Global frameworks such as the Sustainable Development Goals have given the public a roadmap of industries to invest in to create a positive impact. The current market for impact investing is estimated to be $228 billion , and it quintupled between 2013 and 2017.

More than 1,300 organizations are involved in impact investing around the world. Impact investing shows no signs of slowing down.

What Are Some Benefits of Impact Investing?

In the past, environmental and social issues were typically tackled using philanthropic donations. Impact investing creates opportunities for companies working to solve problems to receive additional funds, and enables investors to put their money into causes they believe in.

Motives for engaging in impact investing vary depending on the type of investor. Government investors, for example, can show proof of financial viability for a project by opening it up to private investors.

Some foundations can access significantly greater funding to grow their endowment and create a larger impact. Individual investors may have a personal passion for a specific issue, such as gender equality or land conservation. With impact investing it’s possible to make a positive difference in whatever area you feel most passionate about.

What Are Some Drawbacks of Impact Investing?

Like with any other investments, impact investing has its share of risk. Due to business model execution and management, some investors have found that their investments didn’t perform the way they hoped.

Additionally, investors may find themselves more drawn to the ethical aspect of impact investing than to the financial bottom line. And if the socially-responsible companies they’ve invested in don’t do well, they’re stuck deciding between their ethical and financial goals—a true life version of the rock vs. the hard place.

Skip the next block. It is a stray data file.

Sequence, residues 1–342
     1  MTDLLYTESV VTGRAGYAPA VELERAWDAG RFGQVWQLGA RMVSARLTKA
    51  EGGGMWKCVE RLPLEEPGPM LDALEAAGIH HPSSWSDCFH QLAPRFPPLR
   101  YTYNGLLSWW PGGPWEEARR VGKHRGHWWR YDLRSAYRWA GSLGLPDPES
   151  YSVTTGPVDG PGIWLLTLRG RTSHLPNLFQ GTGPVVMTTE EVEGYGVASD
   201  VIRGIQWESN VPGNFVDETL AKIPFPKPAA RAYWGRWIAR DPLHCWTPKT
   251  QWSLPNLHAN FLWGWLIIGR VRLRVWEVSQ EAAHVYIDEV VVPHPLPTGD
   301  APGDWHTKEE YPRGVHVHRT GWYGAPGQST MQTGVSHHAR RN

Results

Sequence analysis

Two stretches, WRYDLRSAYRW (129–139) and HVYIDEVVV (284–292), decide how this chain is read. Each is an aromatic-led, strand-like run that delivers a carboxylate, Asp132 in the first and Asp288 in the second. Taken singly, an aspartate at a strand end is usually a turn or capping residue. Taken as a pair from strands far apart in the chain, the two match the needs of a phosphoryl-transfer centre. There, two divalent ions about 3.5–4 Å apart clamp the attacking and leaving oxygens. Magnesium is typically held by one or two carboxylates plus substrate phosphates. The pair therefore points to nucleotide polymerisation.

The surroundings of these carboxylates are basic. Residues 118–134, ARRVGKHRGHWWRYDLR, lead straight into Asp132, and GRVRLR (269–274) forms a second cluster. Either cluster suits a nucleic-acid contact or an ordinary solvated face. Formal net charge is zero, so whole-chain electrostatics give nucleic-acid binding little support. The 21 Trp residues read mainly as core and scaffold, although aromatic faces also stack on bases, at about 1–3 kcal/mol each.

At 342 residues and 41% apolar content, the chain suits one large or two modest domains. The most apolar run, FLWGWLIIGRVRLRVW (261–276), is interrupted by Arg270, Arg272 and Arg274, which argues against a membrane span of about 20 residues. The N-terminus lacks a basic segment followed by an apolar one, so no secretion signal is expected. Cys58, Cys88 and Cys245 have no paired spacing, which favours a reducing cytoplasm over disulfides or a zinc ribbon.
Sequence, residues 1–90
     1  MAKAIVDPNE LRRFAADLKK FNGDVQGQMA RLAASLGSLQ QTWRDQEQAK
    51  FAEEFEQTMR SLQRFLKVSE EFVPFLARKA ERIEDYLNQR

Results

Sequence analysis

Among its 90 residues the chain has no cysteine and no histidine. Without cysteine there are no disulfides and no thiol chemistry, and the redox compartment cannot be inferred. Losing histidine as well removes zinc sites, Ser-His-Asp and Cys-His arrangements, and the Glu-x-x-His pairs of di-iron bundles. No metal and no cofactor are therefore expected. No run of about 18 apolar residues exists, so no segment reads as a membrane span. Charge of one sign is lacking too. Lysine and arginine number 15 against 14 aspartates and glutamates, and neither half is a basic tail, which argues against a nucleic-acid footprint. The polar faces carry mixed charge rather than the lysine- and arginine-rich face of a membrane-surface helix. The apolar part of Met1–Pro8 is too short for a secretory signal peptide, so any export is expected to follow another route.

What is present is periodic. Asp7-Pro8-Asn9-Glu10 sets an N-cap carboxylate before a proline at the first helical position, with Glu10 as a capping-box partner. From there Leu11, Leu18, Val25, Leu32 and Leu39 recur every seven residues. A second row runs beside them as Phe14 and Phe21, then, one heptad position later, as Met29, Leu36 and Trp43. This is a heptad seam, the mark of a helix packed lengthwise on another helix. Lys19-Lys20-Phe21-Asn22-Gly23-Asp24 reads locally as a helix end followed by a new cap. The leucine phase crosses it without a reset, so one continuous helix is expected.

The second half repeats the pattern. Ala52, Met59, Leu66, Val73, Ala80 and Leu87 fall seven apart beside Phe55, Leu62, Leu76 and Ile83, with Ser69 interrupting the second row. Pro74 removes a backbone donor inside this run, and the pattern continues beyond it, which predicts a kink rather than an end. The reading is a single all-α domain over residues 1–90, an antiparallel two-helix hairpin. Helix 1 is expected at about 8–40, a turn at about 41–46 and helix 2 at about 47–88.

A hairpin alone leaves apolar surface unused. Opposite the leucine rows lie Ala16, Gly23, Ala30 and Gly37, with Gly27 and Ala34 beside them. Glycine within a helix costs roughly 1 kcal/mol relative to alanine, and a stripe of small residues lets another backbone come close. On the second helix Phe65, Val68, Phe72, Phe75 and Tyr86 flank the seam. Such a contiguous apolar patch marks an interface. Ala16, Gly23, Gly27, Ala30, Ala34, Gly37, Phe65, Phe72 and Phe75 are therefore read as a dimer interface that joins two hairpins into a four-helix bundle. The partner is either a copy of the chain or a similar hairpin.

And although you may sleep better at night, you could be missing out on other great investment opportunities.

And it may be worthwhile to keep in mind that although a number of companies may say they’re socially or environmentally responsible, the fancy marketing campaign they’ve assembled may not reflect their actual business practices.

As with anything else, it’s important for investors to do their research, and really consider what’s important to them individually.

Examples of Impact Investments

Socially responsible investments can be made in any industry. Some of the more popular sectors for impact investing are social justice issues, environmental sustainability, and alternatives to drugs and alcohol. The following are a few examples of recent impact investments:

The rise of impact investing is also influencing business leaders. Companies are recognizing that consumers and investors are interested in supporting impactful products and services.

This is causing some to make changes to ensure they keep their businesses running successfully—for example, Starbucks is phasing out their use of plastic straws.

Does Impact Investing Pay Off Financially?

Just as with any type of investment, each investor has unique goals and tolerance for risk. In a 2018 survey conducted by GIIN, 64% of investors had sought market rate returns through their impact investments. More than 90% of respondents reported that their expectations for both impact and financial performance either met or exceeded their expectations.

The greatest risk reported in the survey was in business model execution and management, although fewer than one-third of respondents reported this as a severe risk.

Impact investments have shown to be resilient through tough times in the market, and have often outperformed other market investments over the past decade.